Before I start this post, please be aware that there are some fairly gruesome photos of his hands post-surgery at the bottom of the text. I’ve included them not for sensational purposes, but in the hopes that any families who might one day be facing the same procedure will know what to expect.
It has been just over two weeks since Marshall’s operation to separate his fingers. Incredibly, he spent just one night in the hospital before being released. I would have felt less anxious at the hospital, but every time we go in for a stay, I swear I come out a little more unhinged and jumpy. So, armed with a prescription for morphine (for Marshall, not me) and his hands and lower arms heavily wrapped in bandages, we went home.
For the first few nights, sleep was scarce as Marshall was clearly feeling some discomfort in his hands, which is to be expected given the fact he had just had his fingers separated and skin grafted on to the newly exposed areas. In addition, he had a long wound along his lower stomach, from hip to hip, where the skin for the graft was taken.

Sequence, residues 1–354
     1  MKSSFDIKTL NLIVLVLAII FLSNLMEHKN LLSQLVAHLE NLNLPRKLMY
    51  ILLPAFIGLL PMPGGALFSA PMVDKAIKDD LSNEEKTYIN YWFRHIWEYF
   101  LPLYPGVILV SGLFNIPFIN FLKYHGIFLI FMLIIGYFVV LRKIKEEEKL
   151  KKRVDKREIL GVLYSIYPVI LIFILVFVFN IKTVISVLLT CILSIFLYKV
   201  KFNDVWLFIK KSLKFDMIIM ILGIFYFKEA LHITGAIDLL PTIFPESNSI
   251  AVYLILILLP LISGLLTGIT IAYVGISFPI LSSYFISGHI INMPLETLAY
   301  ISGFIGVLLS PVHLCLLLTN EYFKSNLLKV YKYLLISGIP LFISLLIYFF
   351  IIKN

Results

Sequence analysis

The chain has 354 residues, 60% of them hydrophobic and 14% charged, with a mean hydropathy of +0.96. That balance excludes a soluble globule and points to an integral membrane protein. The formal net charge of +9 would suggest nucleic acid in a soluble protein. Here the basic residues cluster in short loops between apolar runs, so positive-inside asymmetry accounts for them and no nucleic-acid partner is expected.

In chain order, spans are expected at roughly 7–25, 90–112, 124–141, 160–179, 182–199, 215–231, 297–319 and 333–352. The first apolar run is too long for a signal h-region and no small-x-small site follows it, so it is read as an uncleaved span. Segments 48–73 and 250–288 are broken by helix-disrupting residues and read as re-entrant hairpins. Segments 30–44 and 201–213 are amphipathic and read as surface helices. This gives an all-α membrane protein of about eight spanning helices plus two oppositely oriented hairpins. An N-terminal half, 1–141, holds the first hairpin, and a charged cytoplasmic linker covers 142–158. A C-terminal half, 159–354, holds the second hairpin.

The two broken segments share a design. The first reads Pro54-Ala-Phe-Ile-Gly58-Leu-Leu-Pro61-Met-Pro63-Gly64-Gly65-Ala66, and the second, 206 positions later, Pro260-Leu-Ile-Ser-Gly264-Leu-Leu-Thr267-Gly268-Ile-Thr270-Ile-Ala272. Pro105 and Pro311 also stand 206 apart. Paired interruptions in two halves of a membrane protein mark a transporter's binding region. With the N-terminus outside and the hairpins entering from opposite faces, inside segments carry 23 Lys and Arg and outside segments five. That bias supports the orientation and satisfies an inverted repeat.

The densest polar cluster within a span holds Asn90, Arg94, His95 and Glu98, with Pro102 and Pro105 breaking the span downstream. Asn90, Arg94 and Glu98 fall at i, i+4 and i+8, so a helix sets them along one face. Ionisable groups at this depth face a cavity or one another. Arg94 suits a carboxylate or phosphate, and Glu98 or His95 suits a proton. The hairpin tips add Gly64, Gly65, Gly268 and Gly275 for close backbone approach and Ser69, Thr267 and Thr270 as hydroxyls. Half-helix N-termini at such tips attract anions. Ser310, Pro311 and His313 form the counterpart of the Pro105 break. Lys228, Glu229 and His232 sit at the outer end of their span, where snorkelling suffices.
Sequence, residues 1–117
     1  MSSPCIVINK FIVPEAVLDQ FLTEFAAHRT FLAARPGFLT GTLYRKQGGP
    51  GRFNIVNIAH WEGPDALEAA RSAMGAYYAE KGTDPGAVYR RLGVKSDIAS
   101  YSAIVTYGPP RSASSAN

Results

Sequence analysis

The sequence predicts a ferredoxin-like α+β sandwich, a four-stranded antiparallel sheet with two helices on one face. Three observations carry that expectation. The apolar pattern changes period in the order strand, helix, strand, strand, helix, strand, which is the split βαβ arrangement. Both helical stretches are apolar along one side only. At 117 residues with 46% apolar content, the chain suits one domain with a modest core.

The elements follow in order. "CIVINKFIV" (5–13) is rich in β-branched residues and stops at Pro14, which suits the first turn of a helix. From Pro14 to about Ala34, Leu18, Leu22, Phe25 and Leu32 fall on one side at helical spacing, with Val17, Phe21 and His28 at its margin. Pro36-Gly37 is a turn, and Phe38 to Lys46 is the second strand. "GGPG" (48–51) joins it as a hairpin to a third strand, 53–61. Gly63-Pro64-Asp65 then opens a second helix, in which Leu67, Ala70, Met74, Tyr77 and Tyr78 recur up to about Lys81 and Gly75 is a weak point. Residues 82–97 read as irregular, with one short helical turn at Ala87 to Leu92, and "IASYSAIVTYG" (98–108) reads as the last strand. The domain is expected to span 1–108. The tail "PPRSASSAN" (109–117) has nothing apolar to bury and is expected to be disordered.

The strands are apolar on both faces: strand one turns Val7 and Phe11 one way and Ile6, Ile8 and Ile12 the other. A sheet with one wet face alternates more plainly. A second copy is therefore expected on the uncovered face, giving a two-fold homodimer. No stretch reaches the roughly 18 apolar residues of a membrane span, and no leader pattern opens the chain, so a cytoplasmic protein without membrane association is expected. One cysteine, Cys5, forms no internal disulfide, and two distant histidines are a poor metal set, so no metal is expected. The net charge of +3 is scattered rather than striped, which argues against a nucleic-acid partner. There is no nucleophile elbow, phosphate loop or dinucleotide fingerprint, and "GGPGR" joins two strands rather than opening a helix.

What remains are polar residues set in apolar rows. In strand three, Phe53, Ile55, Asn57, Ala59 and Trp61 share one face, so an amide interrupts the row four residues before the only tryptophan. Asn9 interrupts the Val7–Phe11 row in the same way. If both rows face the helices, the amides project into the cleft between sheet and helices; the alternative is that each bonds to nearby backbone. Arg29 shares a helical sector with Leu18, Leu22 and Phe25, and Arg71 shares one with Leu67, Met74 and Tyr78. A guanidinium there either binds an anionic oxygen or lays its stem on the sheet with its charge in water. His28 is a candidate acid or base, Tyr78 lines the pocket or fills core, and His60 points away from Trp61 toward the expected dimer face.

A week later, after a checkup to determine that the healing process was going smoothly, we began taking the bandages off to wash his hands and a few days ago started using a cloth to gently rub his hands in the bath. As you can imagine, Marshall is not a big fan of this. He whimpers as soon as I touch his hands, and sometimes, his hands are still so raw, there’s some bloody spotting on the cloth.
A parent on one of the Apert syndrome Facebook groups recently posted an article about PTSD in parents of children with special needs, especially when there was no indication before birth that anything would be different. I don’t want to overstate or exaggerate what it’s like, but in all honesty, washing his hands in the bathtub is one of the most difficult things I’ve had to do in life. While it does appear everything is healing nicely and headed in the right direction, his little fingers are still hard for me to look at, and I often have to close my eyes or quietly sob so he doesn’t hear me. And the whimpering. The whimpering breaks my heart. The sadness in his little whimpers haunts me.
He will likely spend a few more weeks in bandages before they can stay off. And hopefully, there are no complications or problems, and we can begin some therapy on his hands soon so he can learn to use his newly separated fingers.
If you have a weak stomach or don’t feel the need to see the photos of his hands, please don’t scroll down any further. I’ve left a bit of space so you don’t accidentally look at something you can’t handle. To all the families who have gone through a similar surgery, if you have any wisdom or advice to share with me, I would love to hear it.